|Publication number||US5006642 A|
|Application number||US 07/205,881|
|Publication date||Apr 9, 1991|
|Filing date||Jun 13, 1988|
|Priority date||Jun 29, 1987|
|Also published as||US5506341, US5710254|
|Publication number||07205881, 205881, US 5006642 A, US 5006642A, US-A-5006642, US5006642 A, US5006642A|
|Inventors||Jack Newman, David L. Farb|
|Original Assignee||Rhone-Poulenc Rorer Pharmaceuticals Inc.|
|Export Citation||BiBTeX, EndNote, RefMan|
|Patent Citations (5), Non-Patent Citations (18), Referenced by (7), Classifications (11), Legal Events (6)|
|External Links: USPTO, USPTO Assignment, Espacenet|
This application is a division of copending application Ser. No. 067,990, filed June 29, 1987, now U.S. Pat. No. 4,774,323.
1. Field of the Invention
This invention relates to a method for preserving the activity of the von Willebrand Factor. More particularly it relates to a method of separating and purifying von Willebrand Factor, and providing an active protein for the treatment of the von Willebrand's disease.
Von Willebrand Factor (hereinafter vWF) circulates in plasma complexed with Factor VIII procoagulant activity protein (hereinafter VIII). The complex is believed to have two biologic functions: vWF corrects defects of platelet function in von Willebrand's disease, and VIII corrects the clotting defect in hemophilia. vWF exists in plasma as a series of multimeric forms of a protein ranging in molecular weight from about 1×106 to about 20×106 Daltons. Von Willebrand disease is characterized by the absence or reduced level of the higher molecular weight forms of this protein and is manifest by prolonged bleeding due to the inability of platelets to aggregate and initiate clotting at the wound cite. Traditionally, treatment of bleeding episodes caused by this disease consisted of the administration of cryoprecipitate prepared from human plasma containing normal vWF. This treatment exposed the patient to other coagulation factors and other plasma proteins, particularly fibronectin and fibrinogen. Repeated administration of extraneous proteins has been shown to be deleterious to the health of the patient because of changes brought about in blood viscosity. Treatment with cryoprecipitate also exposed the patient to infectious viruses, such as hepatitis viruses and AIDS viruses which may be present in the donor's plasma.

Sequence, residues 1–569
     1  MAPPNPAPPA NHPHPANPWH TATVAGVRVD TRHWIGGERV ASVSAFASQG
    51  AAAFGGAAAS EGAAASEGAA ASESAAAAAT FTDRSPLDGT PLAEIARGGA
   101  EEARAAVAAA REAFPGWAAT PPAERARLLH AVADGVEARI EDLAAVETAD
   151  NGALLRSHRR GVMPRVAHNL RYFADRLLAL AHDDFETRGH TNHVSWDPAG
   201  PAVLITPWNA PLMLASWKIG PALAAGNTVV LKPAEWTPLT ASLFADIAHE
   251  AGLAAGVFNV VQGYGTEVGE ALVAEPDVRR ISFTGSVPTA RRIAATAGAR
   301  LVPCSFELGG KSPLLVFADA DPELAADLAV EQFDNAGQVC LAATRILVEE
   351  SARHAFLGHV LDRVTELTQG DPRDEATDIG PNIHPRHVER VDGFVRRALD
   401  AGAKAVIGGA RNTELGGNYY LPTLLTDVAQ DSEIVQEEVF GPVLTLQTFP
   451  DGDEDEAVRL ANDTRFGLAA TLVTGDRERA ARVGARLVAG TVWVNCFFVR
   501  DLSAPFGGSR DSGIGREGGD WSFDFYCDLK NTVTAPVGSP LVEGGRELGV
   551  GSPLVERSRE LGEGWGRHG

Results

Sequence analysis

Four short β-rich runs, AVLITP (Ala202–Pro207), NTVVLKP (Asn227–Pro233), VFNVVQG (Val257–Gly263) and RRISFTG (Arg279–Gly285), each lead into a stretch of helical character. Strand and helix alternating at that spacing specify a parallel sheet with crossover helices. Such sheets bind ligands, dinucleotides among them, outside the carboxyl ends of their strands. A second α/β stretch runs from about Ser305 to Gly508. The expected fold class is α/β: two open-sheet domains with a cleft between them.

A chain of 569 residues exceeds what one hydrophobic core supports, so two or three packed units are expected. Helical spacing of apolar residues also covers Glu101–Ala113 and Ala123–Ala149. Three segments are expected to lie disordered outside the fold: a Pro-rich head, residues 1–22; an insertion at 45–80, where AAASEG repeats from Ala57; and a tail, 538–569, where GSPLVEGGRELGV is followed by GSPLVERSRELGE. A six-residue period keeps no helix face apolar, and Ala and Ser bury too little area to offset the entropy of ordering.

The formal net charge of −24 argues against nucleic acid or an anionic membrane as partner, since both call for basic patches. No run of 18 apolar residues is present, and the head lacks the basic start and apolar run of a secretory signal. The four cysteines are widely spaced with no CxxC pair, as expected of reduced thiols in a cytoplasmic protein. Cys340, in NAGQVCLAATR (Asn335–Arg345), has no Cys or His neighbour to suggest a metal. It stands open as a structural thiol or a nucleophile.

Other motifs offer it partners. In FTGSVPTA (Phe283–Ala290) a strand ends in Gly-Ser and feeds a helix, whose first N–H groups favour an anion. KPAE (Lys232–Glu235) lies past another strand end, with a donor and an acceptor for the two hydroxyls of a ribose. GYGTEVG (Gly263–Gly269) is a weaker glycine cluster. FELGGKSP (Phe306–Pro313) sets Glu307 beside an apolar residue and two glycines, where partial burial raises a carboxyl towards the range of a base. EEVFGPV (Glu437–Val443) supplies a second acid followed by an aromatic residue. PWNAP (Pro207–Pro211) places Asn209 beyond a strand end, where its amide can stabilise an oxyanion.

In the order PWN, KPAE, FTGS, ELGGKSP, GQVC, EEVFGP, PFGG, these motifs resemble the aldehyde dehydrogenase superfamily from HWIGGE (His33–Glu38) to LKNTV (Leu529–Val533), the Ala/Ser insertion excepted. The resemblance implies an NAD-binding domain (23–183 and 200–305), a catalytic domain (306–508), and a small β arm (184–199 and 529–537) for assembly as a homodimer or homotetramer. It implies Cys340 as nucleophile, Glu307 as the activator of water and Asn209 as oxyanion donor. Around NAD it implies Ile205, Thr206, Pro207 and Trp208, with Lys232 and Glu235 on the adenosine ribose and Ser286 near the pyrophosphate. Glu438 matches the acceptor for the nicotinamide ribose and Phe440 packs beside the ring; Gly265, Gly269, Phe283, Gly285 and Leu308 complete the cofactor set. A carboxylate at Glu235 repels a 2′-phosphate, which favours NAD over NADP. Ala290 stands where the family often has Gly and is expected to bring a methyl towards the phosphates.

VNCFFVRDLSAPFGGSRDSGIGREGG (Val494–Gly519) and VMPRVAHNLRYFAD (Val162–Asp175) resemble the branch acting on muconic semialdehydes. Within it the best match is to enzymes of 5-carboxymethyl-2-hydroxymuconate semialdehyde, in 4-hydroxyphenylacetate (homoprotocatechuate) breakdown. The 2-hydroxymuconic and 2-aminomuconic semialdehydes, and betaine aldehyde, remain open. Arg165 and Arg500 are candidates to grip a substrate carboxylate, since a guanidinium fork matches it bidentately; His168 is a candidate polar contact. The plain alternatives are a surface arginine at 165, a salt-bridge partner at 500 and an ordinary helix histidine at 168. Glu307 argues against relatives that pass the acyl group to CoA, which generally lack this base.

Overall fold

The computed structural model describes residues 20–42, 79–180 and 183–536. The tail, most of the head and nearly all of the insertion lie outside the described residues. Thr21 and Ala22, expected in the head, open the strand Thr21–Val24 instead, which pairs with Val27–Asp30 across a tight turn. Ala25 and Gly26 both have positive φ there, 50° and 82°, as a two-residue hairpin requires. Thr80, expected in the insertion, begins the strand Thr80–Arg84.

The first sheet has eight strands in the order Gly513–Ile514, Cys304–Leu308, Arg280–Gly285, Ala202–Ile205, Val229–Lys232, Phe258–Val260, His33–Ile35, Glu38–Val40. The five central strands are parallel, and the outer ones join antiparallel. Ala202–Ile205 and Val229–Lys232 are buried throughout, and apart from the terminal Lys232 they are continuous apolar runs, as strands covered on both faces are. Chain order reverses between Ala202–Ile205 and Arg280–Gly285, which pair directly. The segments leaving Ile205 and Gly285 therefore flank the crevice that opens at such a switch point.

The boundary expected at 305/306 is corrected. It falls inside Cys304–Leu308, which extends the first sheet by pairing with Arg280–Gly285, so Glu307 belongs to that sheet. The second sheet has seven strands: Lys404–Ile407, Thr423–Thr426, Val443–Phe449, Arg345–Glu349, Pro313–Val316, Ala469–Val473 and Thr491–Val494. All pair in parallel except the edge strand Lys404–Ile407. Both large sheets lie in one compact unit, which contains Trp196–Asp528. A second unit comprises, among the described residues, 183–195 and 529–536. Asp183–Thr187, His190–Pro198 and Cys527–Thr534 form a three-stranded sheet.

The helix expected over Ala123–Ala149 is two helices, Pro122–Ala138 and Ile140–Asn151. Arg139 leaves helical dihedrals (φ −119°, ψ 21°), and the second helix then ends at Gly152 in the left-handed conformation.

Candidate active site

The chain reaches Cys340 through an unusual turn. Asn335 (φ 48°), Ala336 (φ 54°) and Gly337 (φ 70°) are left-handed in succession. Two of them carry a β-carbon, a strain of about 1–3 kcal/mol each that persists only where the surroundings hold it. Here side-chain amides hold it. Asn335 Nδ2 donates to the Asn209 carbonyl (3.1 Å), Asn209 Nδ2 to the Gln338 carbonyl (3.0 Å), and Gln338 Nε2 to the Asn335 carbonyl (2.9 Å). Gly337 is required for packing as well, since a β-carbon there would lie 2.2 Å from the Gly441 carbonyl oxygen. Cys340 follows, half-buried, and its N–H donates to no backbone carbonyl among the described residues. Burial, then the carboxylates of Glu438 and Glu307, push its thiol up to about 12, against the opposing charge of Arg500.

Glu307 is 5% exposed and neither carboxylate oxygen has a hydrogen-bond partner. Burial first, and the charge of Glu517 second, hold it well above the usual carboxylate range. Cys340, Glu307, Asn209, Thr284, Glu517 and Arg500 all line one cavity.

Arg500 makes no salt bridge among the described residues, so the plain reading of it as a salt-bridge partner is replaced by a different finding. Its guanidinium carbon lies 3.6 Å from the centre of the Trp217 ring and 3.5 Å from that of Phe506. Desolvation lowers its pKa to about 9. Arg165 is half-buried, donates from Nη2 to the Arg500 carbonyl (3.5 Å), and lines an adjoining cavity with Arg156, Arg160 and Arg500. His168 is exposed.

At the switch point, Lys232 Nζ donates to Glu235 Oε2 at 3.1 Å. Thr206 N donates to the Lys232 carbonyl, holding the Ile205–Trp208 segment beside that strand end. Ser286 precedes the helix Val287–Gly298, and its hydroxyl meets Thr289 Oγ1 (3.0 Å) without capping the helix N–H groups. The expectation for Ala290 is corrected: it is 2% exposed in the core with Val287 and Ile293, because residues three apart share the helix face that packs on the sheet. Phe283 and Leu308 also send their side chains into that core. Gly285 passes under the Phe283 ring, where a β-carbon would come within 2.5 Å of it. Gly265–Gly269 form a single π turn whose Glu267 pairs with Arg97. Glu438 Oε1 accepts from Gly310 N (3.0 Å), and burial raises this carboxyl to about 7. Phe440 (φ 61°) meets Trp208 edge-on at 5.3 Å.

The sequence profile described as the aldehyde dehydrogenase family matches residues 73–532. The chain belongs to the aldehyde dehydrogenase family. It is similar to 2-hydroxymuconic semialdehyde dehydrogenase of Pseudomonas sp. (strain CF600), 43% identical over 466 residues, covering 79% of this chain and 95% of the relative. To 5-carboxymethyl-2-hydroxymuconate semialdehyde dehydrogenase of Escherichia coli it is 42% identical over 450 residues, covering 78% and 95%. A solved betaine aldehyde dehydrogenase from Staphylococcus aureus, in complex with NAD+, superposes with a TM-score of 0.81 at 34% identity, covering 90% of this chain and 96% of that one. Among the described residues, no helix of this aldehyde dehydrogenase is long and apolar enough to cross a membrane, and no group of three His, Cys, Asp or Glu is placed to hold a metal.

Commercial concentrates of Factor VIII prepared from plasma by cryoprecipitation of the vWF/Factor VIII complex, followed by purification and concentration, have not been proven to be as effective as expected in the treatment of von Willebrand's disease. The therapeutic inadequacy of these preparations has been in part attributed to the absence of sufficient potency of higher molecular weight forms of vWF that are believed to be essential for the restoration of hemostatis when bleeding occurs in vWF deficient patients. There has been no attempt to treat von Willebrand patients with isolated and purified vWF because the isolation of a biologically active vWF in large quantities could not be carried out with existing technology. With the development of monoclonal and polyclonal antibodies specific to vWF, such technology has become available.
2. Description of the Prior Art
U.S. Pat. No. 4,361,509 and U.S. Pat. No. RE. 32,011 issued to Zimmerman et al. disclose a method for the preparation of high purity VIII comprising the steps of:
(1) adsorbing the VIII/vWF complex from a plasma or commercial concentrate source onto agarose beads bound to a monoclonal antibody specific to vWF;
(2) eluting VIII with a salt solution;
(3) adsorbing the eluted VIII on aminohexyl agarose column; and
(4) eluting the VIII with a salt solution.
The immunoadsorbent column described in said references is regenerated by eluting vWF with 3M aqueous sodium thiocyanate (NaSCN) solution. This step results in the preservation of the monoclonal antibody on the column so that the same may be used again in the process. The vWF/sodium thiocyanate solution is discarded as a waste.
The present invention utilizes this waste material as a source of vWF although it is not limited thereto. In the process of developing the invention, it was discovered that biological activity of vWF is normally lost as a result of its elution from the antibody column with sodium thiocyanate solution. Illustrative is the result obtained on material produced according to the teaching of the cited references, description of which follows.
Normal human plasma was collected from normal plasmapheresis donors and diluted with 1/6 volume of 4% sodium citrate. The citrated plasma was immediately frozen and later pooled with additional citrated plasmas and allowed to thaw. Cryoprecipitable proteins were isolated at 0°-2° C. by cold centrifugation of the thawed plasma pool. Approximately 100 g of cryoprecipitate was collected from 100 liters of pooled, citrated plasma. The cryoprecipitate was resuspended at 37° C. in 4 volume of water containing 60 mM glycine and 40 mM sodium chloride at pH 7, then clarified with Al(OH)3 and by centrifugation. Four liters of clarified cryosolution were passed over a 10×15 cm column of anti-vW Sepharose. The nonbound proteins were washed through the column with a solution of lysine (0.1 M), histidine (0.02 M) and NaCl (0.15 M) at pH 7. Factor VIII activity was eluted with 0.25 M CaCl2. The vWF proteins were eluted with 3 M NaSCN.